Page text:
Monday, June 02, 2008

Anthony Patera/David Brown/Sean Baxter - Interference (

Prepared piano, prepared guitar and drums, a nice arrangement of instruments. Very...clatter-y. Almost sounds like a group of mbiras with serious spider-webbing in the resonators, muting the metallic nature of the bars with cottony strands. A little same-y over the long haul (five track, all occupying similar territory), but enjoyable enough getting there. On Oh, and nifty packaging:

John Clair/Jed Shahar - Tennis (Fenimore)

Strong set from this local duo, ranging from rough industrial dronage ("car chase") to gossamer thin tones over ambient noise and chatter ("silver leaf linden"), and family arguments ("drop and drag"). On these first three tracks, I enjoyed the sonics very much but found myself wanting to hear a bit more structural rigor (as difficult as that is to define in this area). The last track delivers it--it's again essentially a rough drone, but the depth of field and the intermittent emergences of buzzes and ratchetings outside of the general drone provide the kind of aural scaffolding I was hoping for. Excellent piece, good, solid release. fenimore

Ecstasy Mule - Songs of Love & Redemption (Batterrie)

Not my cuppa, particularly, but if you're into Chadbourne-tinged, folk/blues weirdness with an urban-noise edge, Ecstasy Mule (Len37 and Casey G--Kurt?) will go down smoothly, the banjos, mandolins and drawled/moaned vocals nesting in nicely amidst the subway squalor.

Ecstasy Mule - Contemplates Hunting and Drinking When the Rainbow is Enuf (Batterrie)

Not so dissimilar, except revolving around read newspaper clippings relating to the disc's title, that is hunting accidents, etc., spoken over guitar noise, four mixes of more or less the same piece. The noise is OK; I could do without the recitation.
Both available from SquidCo

Emmanuel Mieville/Eric Cordier - Dispositif: Canal Saint-Martin (Xing Wu)

A sound portrait of the Centre d'Animation Jemmapes in Paris, created by the deployment of some 30 microphones all around the structure (concert hall, dance studios, offices, outside, etc.) then mixed live by Mieville & Cordier with some additional input from them via field recordings and computer. Wonderful stuff with an enormous range of sound (a favorite being something halfway between low brass and a very squeaky door). Great density. There are two shorter remixes, one by each musician (12&14 minutes as opposed to the 37-minute main piece) which, though fine, might be unnecessary as far as the disc as a while goes, but that's a quibble. Beautiful recording!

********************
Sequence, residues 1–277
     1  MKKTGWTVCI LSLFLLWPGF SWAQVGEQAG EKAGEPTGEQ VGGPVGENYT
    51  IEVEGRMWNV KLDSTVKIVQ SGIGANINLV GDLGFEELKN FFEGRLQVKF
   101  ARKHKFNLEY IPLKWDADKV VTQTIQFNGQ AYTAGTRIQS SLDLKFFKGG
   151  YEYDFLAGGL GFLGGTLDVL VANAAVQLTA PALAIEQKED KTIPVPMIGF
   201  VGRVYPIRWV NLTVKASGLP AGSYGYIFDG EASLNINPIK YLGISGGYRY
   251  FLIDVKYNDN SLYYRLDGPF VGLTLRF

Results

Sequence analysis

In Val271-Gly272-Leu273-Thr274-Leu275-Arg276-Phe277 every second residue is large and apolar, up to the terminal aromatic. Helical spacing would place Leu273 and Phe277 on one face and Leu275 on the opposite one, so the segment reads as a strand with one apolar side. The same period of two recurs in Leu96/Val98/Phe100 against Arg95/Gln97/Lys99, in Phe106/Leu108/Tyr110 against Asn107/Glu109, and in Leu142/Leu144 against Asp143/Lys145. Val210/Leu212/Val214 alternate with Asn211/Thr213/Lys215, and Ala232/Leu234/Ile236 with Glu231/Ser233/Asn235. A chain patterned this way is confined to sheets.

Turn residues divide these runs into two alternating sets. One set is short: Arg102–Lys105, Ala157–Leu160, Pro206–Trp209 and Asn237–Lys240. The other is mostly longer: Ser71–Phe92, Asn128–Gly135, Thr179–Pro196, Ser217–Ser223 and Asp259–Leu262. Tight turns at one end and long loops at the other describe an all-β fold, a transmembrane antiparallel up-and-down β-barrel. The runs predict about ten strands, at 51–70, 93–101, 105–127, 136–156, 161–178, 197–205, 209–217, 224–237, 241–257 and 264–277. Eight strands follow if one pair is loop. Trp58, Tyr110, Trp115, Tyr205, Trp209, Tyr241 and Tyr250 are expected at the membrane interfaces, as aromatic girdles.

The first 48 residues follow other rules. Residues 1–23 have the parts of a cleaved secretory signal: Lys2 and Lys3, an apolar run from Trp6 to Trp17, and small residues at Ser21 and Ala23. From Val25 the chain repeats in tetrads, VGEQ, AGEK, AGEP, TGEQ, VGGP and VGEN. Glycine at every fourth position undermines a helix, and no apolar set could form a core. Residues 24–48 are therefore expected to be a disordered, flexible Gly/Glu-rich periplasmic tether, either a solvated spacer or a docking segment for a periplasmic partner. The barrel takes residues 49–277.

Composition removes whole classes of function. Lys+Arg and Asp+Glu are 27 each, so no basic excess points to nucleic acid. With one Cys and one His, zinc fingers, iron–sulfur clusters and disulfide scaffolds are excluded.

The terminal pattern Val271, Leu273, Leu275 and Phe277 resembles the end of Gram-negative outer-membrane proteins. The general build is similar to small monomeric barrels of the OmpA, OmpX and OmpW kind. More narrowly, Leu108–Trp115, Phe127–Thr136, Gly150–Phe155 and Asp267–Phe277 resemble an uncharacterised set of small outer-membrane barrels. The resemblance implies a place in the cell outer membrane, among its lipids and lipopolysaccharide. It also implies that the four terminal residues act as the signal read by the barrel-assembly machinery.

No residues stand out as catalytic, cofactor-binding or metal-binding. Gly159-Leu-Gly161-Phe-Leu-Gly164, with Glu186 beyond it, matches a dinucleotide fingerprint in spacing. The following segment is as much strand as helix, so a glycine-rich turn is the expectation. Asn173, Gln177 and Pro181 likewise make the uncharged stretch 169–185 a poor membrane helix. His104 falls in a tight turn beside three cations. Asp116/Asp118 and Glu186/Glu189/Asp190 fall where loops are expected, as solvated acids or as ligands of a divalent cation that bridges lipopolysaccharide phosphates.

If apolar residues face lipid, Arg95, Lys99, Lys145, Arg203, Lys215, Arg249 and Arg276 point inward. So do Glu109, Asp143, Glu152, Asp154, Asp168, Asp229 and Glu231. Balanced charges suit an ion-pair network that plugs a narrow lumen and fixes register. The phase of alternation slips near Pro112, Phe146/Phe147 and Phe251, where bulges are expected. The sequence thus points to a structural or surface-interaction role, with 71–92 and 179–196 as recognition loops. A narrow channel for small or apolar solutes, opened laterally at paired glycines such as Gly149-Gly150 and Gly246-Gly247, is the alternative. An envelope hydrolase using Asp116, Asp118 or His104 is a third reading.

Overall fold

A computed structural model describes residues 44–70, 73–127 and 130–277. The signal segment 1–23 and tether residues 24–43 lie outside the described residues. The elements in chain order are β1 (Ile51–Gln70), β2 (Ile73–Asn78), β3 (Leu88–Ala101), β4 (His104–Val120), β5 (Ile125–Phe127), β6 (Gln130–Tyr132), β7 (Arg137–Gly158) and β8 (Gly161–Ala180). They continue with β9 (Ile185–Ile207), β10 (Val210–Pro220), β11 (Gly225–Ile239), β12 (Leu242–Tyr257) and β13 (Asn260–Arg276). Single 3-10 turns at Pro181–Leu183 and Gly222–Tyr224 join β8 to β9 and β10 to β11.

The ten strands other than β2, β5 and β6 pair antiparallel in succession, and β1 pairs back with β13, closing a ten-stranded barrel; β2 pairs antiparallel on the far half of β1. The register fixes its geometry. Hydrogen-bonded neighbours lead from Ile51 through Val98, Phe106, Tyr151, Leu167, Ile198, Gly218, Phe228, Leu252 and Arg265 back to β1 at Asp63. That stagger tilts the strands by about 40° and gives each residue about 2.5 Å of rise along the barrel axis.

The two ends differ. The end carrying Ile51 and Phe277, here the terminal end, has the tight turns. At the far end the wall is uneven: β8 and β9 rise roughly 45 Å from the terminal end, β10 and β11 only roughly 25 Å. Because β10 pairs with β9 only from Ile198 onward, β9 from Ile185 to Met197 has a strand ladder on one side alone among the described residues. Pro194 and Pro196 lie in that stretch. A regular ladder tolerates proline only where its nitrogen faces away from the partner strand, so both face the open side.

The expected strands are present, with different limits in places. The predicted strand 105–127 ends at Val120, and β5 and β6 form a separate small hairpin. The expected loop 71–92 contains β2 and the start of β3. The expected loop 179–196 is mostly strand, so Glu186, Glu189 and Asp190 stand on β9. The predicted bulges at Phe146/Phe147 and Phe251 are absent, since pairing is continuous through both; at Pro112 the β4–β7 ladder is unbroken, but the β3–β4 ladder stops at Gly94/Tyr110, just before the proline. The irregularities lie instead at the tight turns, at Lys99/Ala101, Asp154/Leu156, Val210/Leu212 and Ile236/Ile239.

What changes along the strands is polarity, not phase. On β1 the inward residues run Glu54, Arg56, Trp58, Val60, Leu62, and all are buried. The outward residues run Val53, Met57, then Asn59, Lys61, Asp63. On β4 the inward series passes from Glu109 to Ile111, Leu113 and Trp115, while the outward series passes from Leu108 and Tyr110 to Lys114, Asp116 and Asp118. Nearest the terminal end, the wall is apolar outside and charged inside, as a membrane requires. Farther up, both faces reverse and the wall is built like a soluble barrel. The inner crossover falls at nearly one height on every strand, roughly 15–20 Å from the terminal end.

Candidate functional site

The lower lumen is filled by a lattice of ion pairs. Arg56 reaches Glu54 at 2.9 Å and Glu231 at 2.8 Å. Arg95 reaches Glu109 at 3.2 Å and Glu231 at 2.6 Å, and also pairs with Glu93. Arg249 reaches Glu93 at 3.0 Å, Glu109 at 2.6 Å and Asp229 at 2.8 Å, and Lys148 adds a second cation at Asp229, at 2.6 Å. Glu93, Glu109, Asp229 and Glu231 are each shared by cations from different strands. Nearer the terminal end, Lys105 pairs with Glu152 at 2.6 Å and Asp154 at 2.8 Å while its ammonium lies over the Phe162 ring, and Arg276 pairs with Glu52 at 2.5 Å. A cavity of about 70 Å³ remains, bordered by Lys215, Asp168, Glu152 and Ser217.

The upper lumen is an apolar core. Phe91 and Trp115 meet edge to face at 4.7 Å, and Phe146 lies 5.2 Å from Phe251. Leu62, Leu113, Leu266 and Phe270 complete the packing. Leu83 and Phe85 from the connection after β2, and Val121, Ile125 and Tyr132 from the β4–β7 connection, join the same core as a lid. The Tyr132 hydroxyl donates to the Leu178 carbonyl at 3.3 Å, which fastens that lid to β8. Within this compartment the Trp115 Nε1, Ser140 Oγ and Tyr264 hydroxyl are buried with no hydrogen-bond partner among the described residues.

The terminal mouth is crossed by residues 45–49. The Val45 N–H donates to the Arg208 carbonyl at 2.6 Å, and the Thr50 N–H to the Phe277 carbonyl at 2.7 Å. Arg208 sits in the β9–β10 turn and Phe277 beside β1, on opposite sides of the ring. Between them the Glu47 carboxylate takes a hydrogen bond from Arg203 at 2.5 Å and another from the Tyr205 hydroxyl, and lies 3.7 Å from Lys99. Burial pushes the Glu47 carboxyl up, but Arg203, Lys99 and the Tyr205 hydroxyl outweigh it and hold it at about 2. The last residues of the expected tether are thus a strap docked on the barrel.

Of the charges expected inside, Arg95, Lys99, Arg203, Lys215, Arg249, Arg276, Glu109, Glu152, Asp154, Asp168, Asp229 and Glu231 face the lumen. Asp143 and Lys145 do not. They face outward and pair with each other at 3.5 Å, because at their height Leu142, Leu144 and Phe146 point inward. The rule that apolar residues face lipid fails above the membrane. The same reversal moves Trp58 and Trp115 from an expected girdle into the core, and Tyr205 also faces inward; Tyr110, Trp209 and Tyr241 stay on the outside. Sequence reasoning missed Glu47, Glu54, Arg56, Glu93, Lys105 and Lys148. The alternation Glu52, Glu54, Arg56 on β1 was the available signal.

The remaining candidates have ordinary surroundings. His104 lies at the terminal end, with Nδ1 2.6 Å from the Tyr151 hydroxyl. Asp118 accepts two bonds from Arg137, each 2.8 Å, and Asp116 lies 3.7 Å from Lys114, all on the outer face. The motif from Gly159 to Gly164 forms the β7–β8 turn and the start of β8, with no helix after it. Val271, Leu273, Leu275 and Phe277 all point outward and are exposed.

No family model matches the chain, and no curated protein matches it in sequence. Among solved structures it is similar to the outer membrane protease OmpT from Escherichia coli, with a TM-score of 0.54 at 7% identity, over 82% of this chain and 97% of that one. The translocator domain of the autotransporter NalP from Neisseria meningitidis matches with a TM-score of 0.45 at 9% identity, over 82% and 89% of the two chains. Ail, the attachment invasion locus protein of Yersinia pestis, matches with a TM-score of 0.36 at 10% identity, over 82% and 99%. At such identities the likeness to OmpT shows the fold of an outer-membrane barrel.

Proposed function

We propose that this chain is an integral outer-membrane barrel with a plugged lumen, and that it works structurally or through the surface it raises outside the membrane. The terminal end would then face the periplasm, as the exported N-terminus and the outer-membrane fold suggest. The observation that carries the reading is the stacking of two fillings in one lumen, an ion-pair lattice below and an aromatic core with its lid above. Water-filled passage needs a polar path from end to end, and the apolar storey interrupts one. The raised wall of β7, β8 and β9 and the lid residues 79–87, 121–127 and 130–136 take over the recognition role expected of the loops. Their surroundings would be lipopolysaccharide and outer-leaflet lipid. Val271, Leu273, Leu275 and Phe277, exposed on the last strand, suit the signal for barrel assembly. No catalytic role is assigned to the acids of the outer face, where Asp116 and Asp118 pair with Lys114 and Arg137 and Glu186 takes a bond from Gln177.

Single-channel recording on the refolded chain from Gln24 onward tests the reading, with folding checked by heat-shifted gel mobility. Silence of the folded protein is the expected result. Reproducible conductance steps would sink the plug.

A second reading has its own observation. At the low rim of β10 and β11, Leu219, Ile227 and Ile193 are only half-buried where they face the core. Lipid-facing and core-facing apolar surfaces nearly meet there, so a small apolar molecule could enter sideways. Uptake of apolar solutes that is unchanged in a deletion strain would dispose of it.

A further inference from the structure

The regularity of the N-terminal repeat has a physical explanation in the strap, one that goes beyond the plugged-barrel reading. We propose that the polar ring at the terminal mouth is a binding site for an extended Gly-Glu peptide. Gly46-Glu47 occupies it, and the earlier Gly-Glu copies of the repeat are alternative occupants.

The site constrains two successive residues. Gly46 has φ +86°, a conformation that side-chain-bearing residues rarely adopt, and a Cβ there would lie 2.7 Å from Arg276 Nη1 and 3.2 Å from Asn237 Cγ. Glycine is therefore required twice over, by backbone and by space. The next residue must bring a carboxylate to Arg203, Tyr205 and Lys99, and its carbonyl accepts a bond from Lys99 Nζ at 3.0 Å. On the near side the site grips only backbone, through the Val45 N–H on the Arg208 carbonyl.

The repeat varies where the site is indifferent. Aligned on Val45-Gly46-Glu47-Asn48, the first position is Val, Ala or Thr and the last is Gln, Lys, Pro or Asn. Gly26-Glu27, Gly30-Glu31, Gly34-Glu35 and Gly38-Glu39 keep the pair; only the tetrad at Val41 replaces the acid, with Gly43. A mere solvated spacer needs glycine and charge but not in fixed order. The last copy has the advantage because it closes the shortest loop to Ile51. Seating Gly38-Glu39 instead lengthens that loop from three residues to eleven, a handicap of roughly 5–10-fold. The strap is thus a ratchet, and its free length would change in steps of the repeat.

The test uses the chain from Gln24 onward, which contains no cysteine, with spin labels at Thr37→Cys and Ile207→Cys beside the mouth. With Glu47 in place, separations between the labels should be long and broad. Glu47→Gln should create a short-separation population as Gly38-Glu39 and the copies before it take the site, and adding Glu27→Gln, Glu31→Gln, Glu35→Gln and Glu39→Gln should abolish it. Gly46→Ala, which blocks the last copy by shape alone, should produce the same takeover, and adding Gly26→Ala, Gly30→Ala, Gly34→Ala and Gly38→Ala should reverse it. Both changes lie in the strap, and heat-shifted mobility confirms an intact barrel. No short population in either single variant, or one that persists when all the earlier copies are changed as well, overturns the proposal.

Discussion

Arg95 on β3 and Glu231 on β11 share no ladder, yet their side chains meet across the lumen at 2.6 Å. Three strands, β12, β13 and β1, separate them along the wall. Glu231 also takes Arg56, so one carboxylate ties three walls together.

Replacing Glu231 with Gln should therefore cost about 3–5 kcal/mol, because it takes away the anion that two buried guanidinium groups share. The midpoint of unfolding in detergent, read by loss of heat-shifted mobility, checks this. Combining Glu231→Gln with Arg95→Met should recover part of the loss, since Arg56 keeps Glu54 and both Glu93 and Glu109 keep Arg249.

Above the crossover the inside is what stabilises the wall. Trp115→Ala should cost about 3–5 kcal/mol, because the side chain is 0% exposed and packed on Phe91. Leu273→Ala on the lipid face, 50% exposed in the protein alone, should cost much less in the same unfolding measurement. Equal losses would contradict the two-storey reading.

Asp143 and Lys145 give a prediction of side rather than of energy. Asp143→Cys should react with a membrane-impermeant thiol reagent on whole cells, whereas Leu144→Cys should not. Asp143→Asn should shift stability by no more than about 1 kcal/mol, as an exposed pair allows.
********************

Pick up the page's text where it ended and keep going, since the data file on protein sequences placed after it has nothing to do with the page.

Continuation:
Jean-Luc Guionnet/Seijiro Murayama - Le Bruit du Toit (Xing Wu)

Guionnet's alto integrates better, for me, with percussion than those examples I've heard with electronics. I see Murayama was on a Fushitsusha album (self-titled, 1990, PSF, but I get those confused), so it's possible I've heard him before, but whatever, he's pretty impressive here, restrained enough, filling up the space with imagination and subtlety. This took a couple of listens to grow on me, but grow it did, especially the first of the two tracks. Xing Wu. Also available, I believe, via erst dist


Read Branden Joseph's "Beyond the Dream Syndicate: Tony Conrad and the Arts after Cage". Decent read, interesting to me for all the documentation on NYC activity from about 1958-65, how people were dealing with the post-Cage world in music (including Cardew), a tough task and, in cases like the Conrad/Young affair, sadly with careerist, possessive overtones. It did make me want to check out Conrad's early work more closely than I have, including his films (especially 'Flicker', which I've never seen). Pretty good read, a little over-academic in the constant post-modern references.


jesse said...

Good to see the reviewing hiatus continues apace! :o
Don't allow this return to record round-ups to delay the Rowe project indefinitely.

Brian Olewnick said...

Well, these aren't really "reviews", just brief comments. The least I can do for those poor souls who insist on sending things my way, for which I'm grateful.

Richard Pinnell said...

Conrad's films are being shown over a three day period at the Tate Modern in a couple of weeks. I haven't seen Flicker either, but its part of the programme so I guess I will now. There's also a free concert by Conrad in the turbine hall that I may or may not wander along to.

Brian Olewnick said...

Yeah, I saw that listing earlier today when I was casting about. Potentially jealous. I guess it wouldn't do to watch it on TV? Or maybe the effects of the flicker would simply change due to the frame rate on the tube? The imdb entry mentions Conrad saying sometime last year that he or someone else was working on a digital transfer of it.

Jon Abbey said...

they show Flicker at Anthology Film Archives periodically, Brian.